Over the Moon: Pink Floyd gets a Reggae makeover

Thirty years after Pink Floyd's Dark Side of the Moon began its long run on the charts, a local company is making headlines of its own by duplicating the classic album... in a reggae version.

The story begins in January 1996 when New Yorkers Michael Goldwasser, Eric Smith, Lem Oppenheimer, and Remy Gerstein came up with the idea of starting a reggae record label. Each put up $5,000and within a year they had formed Easy Star Records and released the single "Anything for Jah" by Rob Symeonn. The label was able to capitalize on the Big Apple's healthy reggae scene, and by 2001, Easy Star Records boasted 10 independent releases.

Shortly after the label's conception, Lem Oppenheimer packed his bags and left New York for the greener pastures of Charlottesville. Convinced there was no way to continue his connection with the label from such a distance, he severed his ties with his three partners. That lasted for about a week. Oppenheimer soon found that his move to the slower pace of central Virginia actually freed up his time for work on the label. Internet, email, fax and phone erased the distance issue.

Just before leaving New York, Oppenheimer came up with the idea of remaking Dark Side of the Moon in dub format. Six years later, the album is complete– Dub Side of the Moon is now available in stores worldwide. With an all-star cast of artists including Corey Harris, Gary "Nesta" Prine (The Wailers), and The Meditations, the Easy Star production team managed to recreate Dark Side down to the second.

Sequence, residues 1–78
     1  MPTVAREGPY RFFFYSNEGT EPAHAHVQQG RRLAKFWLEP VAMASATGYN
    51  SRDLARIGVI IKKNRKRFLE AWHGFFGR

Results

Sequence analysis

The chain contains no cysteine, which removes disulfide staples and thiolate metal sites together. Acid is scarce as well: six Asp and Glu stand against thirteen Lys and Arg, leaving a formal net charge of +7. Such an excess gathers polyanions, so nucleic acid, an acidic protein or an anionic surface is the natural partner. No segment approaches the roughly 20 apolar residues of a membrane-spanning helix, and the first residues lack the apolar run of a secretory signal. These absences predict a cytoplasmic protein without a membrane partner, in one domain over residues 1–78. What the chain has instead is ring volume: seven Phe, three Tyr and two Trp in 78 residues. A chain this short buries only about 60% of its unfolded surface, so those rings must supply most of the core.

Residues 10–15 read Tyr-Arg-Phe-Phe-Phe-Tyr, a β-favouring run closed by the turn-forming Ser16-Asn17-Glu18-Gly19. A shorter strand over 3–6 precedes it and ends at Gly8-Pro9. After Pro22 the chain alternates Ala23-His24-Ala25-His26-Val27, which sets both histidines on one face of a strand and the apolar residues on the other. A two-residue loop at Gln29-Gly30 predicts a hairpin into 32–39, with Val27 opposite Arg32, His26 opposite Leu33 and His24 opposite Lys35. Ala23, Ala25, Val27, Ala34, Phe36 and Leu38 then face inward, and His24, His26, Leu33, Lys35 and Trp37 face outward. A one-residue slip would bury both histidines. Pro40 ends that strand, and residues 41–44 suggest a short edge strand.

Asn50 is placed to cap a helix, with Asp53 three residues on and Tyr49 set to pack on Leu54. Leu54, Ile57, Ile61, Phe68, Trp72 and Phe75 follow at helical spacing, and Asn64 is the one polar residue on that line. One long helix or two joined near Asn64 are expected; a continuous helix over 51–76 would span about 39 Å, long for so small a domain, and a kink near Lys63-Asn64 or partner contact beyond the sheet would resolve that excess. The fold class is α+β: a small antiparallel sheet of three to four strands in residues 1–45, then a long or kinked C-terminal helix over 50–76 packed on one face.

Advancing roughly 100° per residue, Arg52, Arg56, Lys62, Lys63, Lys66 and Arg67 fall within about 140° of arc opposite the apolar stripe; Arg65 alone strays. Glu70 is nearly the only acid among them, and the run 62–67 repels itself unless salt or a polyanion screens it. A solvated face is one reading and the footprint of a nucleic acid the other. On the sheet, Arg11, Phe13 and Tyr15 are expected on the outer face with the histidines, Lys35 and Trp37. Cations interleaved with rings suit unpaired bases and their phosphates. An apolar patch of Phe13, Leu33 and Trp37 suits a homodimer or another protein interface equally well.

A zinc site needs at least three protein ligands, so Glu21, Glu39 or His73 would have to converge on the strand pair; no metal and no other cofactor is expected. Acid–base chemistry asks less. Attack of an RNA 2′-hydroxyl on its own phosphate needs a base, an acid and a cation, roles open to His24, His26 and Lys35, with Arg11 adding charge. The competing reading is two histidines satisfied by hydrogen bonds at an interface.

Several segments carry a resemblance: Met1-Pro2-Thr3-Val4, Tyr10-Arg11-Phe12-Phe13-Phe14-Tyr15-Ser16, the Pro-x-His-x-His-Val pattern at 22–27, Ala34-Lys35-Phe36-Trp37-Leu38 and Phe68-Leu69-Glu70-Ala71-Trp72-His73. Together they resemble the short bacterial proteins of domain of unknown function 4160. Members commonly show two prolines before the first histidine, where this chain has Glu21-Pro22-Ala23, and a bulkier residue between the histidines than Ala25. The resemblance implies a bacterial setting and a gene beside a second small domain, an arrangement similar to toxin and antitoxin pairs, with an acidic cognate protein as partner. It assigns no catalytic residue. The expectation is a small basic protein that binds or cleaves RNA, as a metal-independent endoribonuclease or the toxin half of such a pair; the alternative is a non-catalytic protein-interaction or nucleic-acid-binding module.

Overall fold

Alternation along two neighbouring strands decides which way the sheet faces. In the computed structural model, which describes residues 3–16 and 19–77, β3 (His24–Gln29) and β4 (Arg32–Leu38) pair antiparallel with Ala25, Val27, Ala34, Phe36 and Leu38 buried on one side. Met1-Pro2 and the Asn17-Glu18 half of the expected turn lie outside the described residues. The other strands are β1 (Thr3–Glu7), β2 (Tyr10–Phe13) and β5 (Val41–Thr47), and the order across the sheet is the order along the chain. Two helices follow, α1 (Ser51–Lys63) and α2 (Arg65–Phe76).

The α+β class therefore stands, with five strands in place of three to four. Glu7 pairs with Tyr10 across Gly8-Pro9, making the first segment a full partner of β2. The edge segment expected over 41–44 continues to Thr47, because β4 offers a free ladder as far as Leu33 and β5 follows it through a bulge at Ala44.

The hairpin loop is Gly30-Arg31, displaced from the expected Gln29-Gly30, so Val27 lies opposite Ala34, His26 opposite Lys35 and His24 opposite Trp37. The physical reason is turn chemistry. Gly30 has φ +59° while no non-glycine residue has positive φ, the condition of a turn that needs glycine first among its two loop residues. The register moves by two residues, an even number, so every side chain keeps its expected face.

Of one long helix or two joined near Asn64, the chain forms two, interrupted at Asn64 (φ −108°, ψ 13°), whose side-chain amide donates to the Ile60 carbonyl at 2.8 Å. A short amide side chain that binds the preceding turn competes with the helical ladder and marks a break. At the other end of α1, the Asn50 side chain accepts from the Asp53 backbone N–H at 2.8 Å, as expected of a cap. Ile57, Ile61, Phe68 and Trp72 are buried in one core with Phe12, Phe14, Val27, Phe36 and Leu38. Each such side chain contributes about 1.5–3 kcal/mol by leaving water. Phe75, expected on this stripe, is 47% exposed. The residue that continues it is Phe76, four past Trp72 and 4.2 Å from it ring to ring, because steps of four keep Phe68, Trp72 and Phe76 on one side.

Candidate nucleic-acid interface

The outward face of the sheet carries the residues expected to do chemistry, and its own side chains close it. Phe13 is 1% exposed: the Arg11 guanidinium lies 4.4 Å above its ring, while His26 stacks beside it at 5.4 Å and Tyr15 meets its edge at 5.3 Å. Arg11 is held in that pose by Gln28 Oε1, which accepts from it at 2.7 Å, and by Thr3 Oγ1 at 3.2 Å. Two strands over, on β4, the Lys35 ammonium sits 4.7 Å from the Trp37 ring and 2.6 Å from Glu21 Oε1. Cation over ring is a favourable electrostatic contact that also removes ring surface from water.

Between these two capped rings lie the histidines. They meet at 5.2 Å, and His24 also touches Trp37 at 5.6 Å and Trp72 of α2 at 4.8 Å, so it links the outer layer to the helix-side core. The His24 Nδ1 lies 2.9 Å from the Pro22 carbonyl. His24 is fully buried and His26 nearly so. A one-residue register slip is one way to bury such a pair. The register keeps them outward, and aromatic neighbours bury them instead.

Skeptics have questioned the validity of such an album.

"In classical music, everyone is always taking other people's music and performing it," responds Oppenheimer. "Jazz is the same. I'm sure someone was upset when Coltrane did 'My Favorite Things' or Miles with 'My Funny Valentine.' We just spliced the DNA and turned Dark Side into a different thing."

The public is responding– even public radio. In January, NPR did a segment on Dub Side. When last checked, Dub Side was near 17,000 units sold in the U.S. alone and steadily moving anywhere from 200-400 units a week. In anticipation of the project's international success, Easy Star has already shipped 40,000 albums worldwide.

Since Easy Star's independent distribution is based in Oppenheimer's home office here in Charlottesville, that makes Dub Side the second largest national release for the city, topped only by DMB.

The success of his album doesn't change Oppenheimer's calm demeanor. "It's not about the bling," he says. "It's about making money to keep putting out more records."

Oppenheimer says he's happy that sales in Charlottesville have been higher than in other cities of comparable size. The ultimate goal, however, is to expose more people to reggae.

"People tend to have one Bob Marley record, and that's it for their reggae collection. We want all those kids with that Marley CD to go out and buy three or four more reggae records and experience the vast culture," he says.

The Easy Star All-Stars will be performing Dub Side of the Moon at Starr Hill Music Hall July 17.